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Arabic, English and Context in the Narratives of Arab Women
By Lynne Rogers
Reading Arab Women's Autobiographies,
Shahrazad Tells Her Story
By Nawar al-Hassan
University of Texas Press, 2003, 236 pages.
In “Reading Arab Women's Autobiographies, Shahrazad Tells Her Story,” Nawar al-Hassan Golley brings history, contemporary literary theory and a culturally informed perspective to twentieth century Middle Eastern autobiography.
Drawing primarily but not exclusively on feminist and Marxist theory, Golley dismantles the simplistic generalities found in the Western discourse surrounding Arab women through a close reading of a variety of feminist texts. Although she acknowledges the similarities between western and Arabic feminists, like many Arab feminists, Golley asserts that feminism is not a Western import to the Arab world but an indigenous movement often ignored by western feminists.
Significantly for those Western readers unfamiliar with the complexities of Arabic culture or language, Golley, educated in both Arab and Western institutions, contextualizes possible Arab responses to the texts. By looking at the mode of production and comparing the original Arabic texts with the translated texts, Golley provides a valuable addition to feminist and Middle Eastern scholarship. Although her text contains some repetition and occasionally reads like a dissertation, this is a minor inconvenience for those interested in cross-cultural studies. Golley skillfully demonstrates how the conflicting allegiance to the family, community and nation and the need to assert an individual identity through the emancipating act of writing coexist in each of the texts.
“Reading Arab Women's Autobiographies” begins with a brief but thorough introduction to recent colonial discourse and some of the potential pitfalls of reading translated texts from the Middle East. Responding to the popularity of multiculturalism, Golley rejects East/West as an oversimplification of modern mobility. Subsequently she avoids the romanticization of the East and the uncritical admiration of the West. In her attention to the role of intended audience in the production of texts, she argues that these Arab women authors are writing both “to the West and probably more importantly...to Arab ‘patriarchy.'”
The chapter “Feminism, Nationalism and Colonialism” summarizes the history of Arab feminism, touches the veil debate, and notes the limitations of terminology such as ‘feminism' and ‘Arab.' These two chapters would serve as a fruitful introduction of the problematics inherent in studying the Middle East for Western students. To conclude her historical introduction of the feminist movement's intricate relationship to Arab nationalism, she compares the Arabic text of Huda Shaarawi's “Harem Years: The Memoirs of an Egyptian Feminist” with Margot Badran's English text published more than 40 years after the original in 1986. Shaarawi, the founder of the Egyptian Women's Federation, who was educated in French, dictated her memoirs in Arabic to her secretary. Golley's summary and comparison of the two texts reveals that the English translated edition omits “an important part of Shaarawi's concept of herself, namely, her political and nationalistic public self.” Here Golley's scholarship not only supports her argument but also provides a valuable resource for those readers not fluent in Arabic.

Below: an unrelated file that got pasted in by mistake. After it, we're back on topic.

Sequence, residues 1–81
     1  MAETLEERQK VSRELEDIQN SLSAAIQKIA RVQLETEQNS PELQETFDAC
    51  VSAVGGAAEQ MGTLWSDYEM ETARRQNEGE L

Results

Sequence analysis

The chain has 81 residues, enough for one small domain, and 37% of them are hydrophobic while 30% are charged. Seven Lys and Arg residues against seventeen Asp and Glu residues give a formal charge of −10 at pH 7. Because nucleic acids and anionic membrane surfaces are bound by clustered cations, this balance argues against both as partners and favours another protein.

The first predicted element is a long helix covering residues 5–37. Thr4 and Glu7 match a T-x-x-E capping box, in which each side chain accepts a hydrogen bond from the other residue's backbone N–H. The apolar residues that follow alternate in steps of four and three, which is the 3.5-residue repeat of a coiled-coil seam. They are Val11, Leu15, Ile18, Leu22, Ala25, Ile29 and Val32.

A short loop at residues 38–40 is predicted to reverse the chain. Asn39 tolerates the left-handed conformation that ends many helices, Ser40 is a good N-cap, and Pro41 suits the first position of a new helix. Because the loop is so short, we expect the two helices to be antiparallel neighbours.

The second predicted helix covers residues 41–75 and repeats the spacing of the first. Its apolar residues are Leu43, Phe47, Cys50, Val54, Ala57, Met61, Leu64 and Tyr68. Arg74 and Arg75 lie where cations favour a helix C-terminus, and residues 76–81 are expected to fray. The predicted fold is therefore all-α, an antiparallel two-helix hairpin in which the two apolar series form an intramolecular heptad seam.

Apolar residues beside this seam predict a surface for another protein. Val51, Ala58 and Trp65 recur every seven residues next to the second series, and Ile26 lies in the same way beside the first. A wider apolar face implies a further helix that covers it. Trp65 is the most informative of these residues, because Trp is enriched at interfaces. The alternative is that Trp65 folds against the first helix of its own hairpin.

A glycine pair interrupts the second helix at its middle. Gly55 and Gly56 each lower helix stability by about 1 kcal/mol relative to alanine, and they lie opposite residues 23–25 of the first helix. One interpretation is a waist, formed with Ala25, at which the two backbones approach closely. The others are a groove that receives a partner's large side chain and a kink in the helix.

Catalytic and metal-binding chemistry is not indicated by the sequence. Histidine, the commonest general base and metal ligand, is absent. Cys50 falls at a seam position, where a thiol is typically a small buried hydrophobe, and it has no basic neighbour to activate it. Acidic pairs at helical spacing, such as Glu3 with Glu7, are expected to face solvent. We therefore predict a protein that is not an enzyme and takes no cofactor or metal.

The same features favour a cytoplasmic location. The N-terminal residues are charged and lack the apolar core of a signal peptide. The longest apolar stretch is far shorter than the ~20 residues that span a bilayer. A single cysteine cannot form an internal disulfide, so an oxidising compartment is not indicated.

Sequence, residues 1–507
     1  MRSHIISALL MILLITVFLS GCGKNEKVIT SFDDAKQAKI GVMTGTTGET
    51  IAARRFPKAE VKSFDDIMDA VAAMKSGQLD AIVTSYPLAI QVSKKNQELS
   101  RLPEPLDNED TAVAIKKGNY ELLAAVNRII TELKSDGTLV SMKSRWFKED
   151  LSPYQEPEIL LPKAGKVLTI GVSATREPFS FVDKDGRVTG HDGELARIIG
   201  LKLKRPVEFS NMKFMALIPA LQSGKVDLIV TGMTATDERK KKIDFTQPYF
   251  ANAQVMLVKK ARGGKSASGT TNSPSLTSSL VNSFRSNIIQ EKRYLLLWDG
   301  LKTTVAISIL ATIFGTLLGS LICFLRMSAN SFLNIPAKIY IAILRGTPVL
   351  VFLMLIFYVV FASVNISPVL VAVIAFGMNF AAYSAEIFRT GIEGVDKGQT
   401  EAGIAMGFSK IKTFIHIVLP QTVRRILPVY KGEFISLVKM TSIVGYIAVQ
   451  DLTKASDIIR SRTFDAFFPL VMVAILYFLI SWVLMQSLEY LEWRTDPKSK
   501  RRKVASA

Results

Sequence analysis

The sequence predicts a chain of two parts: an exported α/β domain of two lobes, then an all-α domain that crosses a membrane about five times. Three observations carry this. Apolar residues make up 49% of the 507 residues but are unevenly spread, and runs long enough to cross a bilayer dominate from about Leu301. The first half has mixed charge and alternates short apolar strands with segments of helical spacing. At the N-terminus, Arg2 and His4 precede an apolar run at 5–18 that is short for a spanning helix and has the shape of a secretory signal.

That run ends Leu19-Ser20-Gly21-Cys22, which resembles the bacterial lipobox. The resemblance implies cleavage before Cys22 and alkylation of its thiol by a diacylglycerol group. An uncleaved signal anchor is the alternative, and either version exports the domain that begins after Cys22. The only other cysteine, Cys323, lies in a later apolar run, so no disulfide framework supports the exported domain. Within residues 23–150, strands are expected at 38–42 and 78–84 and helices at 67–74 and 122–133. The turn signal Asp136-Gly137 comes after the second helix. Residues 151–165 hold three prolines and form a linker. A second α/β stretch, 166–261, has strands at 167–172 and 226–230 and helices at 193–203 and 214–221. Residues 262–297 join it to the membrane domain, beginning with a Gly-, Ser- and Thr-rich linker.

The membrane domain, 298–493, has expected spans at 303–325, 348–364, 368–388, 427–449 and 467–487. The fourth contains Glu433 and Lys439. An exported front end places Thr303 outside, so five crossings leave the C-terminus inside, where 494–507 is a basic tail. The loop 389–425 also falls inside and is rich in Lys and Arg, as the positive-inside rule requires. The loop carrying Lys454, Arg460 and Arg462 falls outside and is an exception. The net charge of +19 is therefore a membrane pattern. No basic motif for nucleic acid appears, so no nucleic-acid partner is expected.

“Reading Arab Women's Autobiographies” locates autobiography or narration of the self “in the field between truth and fiction.” After a brief and informed overview of theoretical and historical approaches to Arab autobiography, Golley proposes that “writing for women is a process and a quest for dialogue, social change, and the possibility of saying ‘we' as well as ‘I.'” In the chapter “Anthologies,” Golley looks at “Khul-Khaal: Five Egyptian Women Tell Their Stories” by Nayra Atiya, “Doing Daily Battle: Interviews with Moroccan Women” by Fatima Mernissi and “Both Right and Left Handed: Arab Women Talk About Their Lives” by Bouthaina Shaaban. Golley examines the control structures, modes of production, targeted audiences and possible reader responses to these three anthologies providing thoughtful insights into gender and class issues. After comparing the Palestinian poet, Fadwa Tuqan's “Mountainous Journey, Difficult Journey,” with the fragments of Tuqan's autobiography translated into English, Golley distinguishes Tuqan's narration of self-creation from Shaarawi's memoir of achievement.
In her final and perhaps most innovative chapter, Golley tackles the diverse writings of the legendary Egyptian feminist, Nawal el-Saadawi, as well as the marketing of Saadawi's public persona in the West and the Arab world. Golley traces “the strategies used to develop the self” in Saadawi's early novel, “Memoirs of a Woman Doctor” to the structuring of a communal self in the later nonfiction, “Memoirs from a Women's Prison.” Golley identifies Saadawi's “My Travels Around the World” as a “new mode of writing about the self” in Saadawi's “quest for an international identity.” At no point does Golley presume to have the definitive reading of her chosen texts. Instead she notes the narrative trends and proposes to address some of the limitations in previous responses to Arab women who write or tell their stories. In “Reading Arab Women's Autobiographies,” Golley characterizes these female narratives as “counter-discourse or writing back discourse.” Appropriately, Golley's own critical reading takes the feminist counter-discourse another step forward.
This review will appear in Al Jadid, Vol. 10, no. 49 (Fall 2004).
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